US President Donald Trump
has denied reports that he once asked for a tenfold increase in his country’s nuclear weapons, saying he just wants the arsenal to be in “tip-top shape.”
“We won’t need an increase, but I want modernization and I want total rehabilitation. It’s got to be in tip-top shape,” Trump told reporters.
Trump made the comments in response to an exclusive NBC News
report on Wednesday that claimed he had surprised military
commanders in July by asking them for a tenfold increase in US nuclear weapons.
It was after this meeting that Secretary of State Rex Tillerson called Trump a “moron,” according to the report.
Trump reacted harshly to the report, dismissing it as “pure fiction, made up to demean.” The Republican president threatened to use his authority to retaliate.
“With all of the Fake News coming out of NBC and the Networks, at what point is it appropriate to challenge their License? Bad for country!” he said in a tweet.
“Network news has become so partisan, distorted and fake that licenses must be challenged and, if appropriate, revoked. Not fair to public!” he added.
Later on when reporters arrived at the White House to cover his meeting with Canadian Prime Minister Justin Trudeau, Trump called the report “disgusting” and said “people should look into it.”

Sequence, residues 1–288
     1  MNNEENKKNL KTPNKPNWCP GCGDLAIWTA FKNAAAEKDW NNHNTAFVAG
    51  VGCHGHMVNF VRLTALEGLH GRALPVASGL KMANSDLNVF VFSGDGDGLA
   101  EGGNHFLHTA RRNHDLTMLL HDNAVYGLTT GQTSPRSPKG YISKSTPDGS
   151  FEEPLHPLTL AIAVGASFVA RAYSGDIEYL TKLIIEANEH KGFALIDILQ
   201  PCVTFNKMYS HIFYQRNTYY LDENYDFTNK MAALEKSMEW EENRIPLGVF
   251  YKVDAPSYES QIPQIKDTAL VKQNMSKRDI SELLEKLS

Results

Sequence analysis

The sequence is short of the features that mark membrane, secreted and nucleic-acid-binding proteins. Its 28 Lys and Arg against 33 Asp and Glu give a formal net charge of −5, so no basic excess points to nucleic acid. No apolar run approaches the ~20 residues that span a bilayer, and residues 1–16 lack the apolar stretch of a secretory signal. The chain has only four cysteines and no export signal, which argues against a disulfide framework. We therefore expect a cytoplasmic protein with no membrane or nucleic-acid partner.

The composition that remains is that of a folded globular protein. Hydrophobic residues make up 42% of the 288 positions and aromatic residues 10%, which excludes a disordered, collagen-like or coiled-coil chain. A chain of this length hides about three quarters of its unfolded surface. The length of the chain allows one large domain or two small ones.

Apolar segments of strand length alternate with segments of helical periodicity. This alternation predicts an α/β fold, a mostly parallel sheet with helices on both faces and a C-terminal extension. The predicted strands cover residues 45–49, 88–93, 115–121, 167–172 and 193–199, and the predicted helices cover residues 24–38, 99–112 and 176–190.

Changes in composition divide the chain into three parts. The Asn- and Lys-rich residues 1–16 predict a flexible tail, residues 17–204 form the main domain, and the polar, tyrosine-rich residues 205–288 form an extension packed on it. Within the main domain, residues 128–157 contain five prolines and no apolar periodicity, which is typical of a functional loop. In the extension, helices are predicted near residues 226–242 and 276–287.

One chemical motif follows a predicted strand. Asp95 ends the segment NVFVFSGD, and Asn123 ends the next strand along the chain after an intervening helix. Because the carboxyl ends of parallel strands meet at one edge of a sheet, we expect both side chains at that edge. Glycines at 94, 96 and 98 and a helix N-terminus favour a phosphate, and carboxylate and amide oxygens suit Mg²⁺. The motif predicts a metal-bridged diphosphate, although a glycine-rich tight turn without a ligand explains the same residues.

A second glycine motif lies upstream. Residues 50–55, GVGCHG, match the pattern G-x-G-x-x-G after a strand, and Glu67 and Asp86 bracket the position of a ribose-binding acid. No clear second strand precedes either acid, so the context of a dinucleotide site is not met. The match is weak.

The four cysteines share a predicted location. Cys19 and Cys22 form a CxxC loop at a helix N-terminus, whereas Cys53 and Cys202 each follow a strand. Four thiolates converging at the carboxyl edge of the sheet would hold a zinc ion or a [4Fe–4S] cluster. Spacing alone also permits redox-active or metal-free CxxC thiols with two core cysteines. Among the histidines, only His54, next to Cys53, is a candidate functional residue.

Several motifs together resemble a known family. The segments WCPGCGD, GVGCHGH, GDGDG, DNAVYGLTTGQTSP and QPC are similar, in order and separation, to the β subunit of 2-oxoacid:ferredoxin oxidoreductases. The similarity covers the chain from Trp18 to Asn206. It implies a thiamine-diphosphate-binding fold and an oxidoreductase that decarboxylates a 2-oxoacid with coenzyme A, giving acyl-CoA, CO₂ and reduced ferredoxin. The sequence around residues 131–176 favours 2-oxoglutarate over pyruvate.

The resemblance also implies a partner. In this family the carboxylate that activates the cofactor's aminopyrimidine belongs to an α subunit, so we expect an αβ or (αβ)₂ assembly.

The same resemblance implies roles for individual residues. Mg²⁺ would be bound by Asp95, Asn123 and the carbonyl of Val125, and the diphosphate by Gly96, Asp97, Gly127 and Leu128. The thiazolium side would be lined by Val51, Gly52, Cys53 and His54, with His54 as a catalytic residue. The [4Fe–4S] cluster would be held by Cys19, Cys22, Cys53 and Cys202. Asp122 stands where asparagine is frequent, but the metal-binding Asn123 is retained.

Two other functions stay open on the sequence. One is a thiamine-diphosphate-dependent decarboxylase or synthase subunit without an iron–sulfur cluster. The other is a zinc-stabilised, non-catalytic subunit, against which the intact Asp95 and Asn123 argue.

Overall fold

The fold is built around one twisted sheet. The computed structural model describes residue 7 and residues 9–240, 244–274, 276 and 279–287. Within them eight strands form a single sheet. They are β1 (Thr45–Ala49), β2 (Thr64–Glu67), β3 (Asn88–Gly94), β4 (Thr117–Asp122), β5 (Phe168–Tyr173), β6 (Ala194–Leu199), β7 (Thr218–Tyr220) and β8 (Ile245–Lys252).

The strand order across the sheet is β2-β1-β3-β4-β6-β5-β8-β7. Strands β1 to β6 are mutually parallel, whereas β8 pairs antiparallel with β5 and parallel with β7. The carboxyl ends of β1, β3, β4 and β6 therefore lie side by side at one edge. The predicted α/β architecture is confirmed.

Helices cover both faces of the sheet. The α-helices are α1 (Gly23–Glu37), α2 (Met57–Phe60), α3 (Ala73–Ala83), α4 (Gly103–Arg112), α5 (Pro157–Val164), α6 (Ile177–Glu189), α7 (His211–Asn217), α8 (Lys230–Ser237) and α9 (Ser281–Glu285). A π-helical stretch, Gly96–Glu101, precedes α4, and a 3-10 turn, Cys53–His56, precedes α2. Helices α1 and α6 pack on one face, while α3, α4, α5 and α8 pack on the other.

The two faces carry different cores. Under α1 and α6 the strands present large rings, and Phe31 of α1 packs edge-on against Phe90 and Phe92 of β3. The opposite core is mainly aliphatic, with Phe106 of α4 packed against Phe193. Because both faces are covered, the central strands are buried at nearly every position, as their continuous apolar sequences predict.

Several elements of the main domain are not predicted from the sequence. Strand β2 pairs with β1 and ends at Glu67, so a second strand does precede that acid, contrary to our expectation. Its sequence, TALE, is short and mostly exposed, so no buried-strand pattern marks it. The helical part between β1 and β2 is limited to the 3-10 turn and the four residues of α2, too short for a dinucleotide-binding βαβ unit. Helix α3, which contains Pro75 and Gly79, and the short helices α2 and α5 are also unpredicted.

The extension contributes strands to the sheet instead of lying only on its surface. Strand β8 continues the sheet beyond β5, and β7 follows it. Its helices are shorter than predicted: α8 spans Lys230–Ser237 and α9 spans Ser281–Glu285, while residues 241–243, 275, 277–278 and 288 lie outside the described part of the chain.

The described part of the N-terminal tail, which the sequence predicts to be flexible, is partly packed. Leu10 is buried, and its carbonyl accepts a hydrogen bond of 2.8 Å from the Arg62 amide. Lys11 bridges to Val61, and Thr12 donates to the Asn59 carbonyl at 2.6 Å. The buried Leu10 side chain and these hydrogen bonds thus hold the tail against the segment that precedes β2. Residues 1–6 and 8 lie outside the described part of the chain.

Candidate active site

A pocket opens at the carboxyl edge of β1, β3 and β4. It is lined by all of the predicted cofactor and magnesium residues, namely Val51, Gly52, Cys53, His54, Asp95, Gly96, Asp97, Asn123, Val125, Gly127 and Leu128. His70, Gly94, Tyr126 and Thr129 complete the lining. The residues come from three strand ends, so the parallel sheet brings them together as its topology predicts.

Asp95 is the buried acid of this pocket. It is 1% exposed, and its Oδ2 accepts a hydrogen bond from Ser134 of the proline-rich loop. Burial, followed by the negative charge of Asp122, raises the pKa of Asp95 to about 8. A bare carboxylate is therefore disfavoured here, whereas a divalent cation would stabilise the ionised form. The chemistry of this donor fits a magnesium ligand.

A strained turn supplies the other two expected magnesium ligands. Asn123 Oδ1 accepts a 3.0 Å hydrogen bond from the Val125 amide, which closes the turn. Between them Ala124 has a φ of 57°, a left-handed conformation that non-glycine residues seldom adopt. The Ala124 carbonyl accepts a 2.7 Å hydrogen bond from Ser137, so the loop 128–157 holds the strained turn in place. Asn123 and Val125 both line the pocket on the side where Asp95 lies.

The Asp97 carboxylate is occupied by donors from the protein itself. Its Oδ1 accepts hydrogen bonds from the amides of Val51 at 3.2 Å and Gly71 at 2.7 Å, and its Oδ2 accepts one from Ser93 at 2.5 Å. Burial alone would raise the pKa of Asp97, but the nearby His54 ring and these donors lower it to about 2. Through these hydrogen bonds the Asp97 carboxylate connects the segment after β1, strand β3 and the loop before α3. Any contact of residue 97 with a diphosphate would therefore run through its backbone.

Before becoming president, Trump had suggested that the US “must greatly strengthen and expand its nuclear capability.”
This is while any growth in America’s nuclear weapons stockpile amounts to a breach of international disarmament treaties signed by every US president since Ronald Reagan in the 1980s.
The US Defense Department is currently conducting a long-planned posture review, which Trump ordered in April and is expected to be finalized by the end of this year or early 2018.
Washington has also been upgrading its nuclear weapons. The Pentagon says it needs $350 billion to upgrade some 7,000 warheads in its arsenal along with the ageing US nuclear triad—land-based intercontinental ballistic missiles (ICBMs), nuclear bombers and submarines. Some reports put the cost at around $1 trillion.